# Marginal Cost/Marginal Revenue and Profit

Ok, I know this concept is at the basis of econ, but this is my third time through this same material counting various college coursework, etc…and it still doesnt make intuitive sense. I understand that MC=MR is law, but i dont understand for the life of me why someone would want to produce at that point. Where I lose it is with respect to profit. If company a receives 300.00 for sexywidget#4, but it costs 240.00 to produce, why would I want to continue to drive up the cost of production until it costs 300.00 a pop to make? Is it because not every unit had that cost and you made money on all the ones prior, like in other words they don’t all cost 300 each, only the last one? Or on the other hand is the profit margin included in the marginal costs as a buffer factor. It seems like one would want to produce at 2.80 a unit when he could get 3.00 or whatever and leave that margin in place. Confused…I just cant make it intuitive for some reason…

take a look… http://en.wikipedia.org/wiki/Profit_maximization

Thannks very much for that response, but respectfully, that is the same information i have seen many times and doesnt really address my question. In the example on the wiki, it explains profit as the price area above ATC, but according to theory one of two thigns will happen. either 1. The firm will continue to produce widgets until MC=MR and price, ATC, MR, and MC will all intersect at the same point (equilibrium) Or 2. Other firms will enter the market and increase supply until all points intersect as described above. My question was regarding producing where MC=MR. Why would anyone want to do this if the cost of each unit is the same as the sale price? Why would one be incensed as in my outcome one to keep driving production up instead of leaving MC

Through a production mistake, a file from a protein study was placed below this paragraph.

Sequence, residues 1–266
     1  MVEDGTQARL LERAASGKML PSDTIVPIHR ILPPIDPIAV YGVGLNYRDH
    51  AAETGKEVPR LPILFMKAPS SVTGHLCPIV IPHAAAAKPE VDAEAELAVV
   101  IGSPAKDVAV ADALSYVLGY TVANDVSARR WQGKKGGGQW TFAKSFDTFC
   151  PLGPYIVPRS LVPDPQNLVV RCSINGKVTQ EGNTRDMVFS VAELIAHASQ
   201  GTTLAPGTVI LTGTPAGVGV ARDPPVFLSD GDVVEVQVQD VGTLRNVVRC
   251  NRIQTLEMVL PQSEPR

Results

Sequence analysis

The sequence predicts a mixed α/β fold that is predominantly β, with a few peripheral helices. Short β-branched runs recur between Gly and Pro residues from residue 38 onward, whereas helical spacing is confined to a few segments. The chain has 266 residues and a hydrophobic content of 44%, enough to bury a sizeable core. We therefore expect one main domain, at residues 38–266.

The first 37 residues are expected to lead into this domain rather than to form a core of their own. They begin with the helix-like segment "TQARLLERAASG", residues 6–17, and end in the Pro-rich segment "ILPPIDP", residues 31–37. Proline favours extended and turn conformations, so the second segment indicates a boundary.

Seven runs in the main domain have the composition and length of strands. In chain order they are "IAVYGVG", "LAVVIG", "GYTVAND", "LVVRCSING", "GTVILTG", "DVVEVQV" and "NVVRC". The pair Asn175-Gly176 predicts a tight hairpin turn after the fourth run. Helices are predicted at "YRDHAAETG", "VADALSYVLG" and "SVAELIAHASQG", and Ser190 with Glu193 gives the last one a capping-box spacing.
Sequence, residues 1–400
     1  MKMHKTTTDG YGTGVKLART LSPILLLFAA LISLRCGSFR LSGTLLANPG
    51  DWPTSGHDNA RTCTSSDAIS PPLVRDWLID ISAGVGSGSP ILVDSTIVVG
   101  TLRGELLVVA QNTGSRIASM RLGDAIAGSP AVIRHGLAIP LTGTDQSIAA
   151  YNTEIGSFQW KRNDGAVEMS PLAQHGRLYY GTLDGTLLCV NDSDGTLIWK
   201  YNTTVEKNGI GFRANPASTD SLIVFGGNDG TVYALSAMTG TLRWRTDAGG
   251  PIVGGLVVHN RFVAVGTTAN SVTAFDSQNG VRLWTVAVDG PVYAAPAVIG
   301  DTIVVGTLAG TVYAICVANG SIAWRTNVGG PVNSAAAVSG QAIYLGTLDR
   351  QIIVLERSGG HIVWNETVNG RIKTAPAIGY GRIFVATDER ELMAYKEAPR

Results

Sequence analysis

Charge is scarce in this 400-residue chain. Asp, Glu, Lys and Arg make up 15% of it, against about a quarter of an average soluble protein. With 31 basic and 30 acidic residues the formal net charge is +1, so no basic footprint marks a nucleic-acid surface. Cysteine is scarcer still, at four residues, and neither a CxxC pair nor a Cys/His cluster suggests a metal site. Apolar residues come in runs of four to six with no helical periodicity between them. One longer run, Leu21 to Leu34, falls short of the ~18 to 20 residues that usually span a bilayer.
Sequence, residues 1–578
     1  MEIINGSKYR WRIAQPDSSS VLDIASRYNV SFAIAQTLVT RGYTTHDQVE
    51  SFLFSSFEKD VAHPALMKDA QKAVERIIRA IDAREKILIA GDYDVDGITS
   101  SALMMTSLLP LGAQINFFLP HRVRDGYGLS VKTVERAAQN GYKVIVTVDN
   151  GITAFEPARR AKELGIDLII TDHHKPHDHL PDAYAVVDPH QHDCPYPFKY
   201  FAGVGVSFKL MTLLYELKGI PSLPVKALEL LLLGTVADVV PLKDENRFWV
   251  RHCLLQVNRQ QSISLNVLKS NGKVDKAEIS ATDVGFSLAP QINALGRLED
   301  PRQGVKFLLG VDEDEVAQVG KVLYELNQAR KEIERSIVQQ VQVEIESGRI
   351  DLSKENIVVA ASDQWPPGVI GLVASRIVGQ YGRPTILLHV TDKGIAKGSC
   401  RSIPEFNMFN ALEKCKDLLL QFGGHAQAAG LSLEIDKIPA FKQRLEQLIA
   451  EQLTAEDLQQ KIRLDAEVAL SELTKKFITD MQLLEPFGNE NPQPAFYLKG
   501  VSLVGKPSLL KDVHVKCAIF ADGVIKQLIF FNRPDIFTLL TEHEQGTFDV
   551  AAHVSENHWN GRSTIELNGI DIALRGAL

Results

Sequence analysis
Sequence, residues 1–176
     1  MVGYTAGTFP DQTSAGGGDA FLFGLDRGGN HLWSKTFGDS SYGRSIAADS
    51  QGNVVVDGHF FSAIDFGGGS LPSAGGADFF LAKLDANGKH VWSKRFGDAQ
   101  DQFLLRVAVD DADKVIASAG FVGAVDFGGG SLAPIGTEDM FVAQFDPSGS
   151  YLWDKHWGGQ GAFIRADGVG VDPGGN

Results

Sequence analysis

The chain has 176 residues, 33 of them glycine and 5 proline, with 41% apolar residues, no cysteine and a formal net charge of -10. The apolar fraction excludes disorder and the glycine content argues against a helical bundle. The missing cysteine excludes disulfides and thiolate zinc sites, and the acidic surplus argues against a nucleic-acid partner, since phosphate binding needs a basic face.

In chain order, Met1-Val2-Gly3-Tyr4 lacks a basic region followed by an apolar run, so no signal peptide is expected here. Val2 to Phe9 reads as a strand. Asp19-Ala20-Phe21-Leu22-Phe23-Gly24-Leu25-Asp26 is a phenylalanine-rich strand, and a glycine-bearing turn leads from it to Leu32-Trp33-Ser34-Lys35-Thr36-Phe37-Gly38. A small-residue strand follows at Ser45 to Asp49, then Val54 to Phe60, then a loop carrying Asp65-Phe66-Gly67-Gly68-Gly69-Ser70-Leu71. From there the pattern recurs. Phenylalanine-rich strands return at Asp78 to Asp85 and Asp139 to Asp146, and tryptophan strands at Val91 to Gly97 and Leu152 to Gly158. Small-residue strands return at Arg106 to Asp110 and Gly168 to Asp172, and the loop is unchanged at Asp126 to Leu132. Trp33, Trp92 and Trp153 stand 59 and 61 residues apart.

rolo550 Wrote: > > Basically what i am asking is it because if the > 300th unit reached MC=MR that every other unit > (299 and less) actually had profit on them and > this is the very last one that can be produced? Yes

We’re talking marginal, not absolute. Think of it as an optimal way of conducting business. My question was regarding producing where MC=MR. Why would anyone want to do this if the cost of each unit is the same as the sale price? Why would one be incensed as in my outcome one to keep driving production up instead of leaving MC

Basically what i am asking is it because if the 300th unit reached MC=MR that every other unit (299 and less) actually had profit on them and this is the very last one that can be produced? yes… after certain point MR ll be having negative values…

All I could think of is that theoretically no one would want to produce when MC=MR but practically it is hard for produce to measure and time exactly when MC & MR actually equals… so they just keep trying untill there’s no juice out of it…

1. For all the quantity levels where MR>MC, demand for the product is elastic and it will profitable for firms to increase the supply and earn more revenues. 2) For all the quantity levels where MR< MC, demand for the product is inelastic and higher supply level means that cost incurred is more then revenues earned. 3) Quantity level at which MR =MC elasticity of demand is equal to one. Demand for the product is equal to supply. Economic Profit calculations depend on the position AC curve and Market Structure i.e. price charged under perfect competition is different from monopoly or the oligopoly.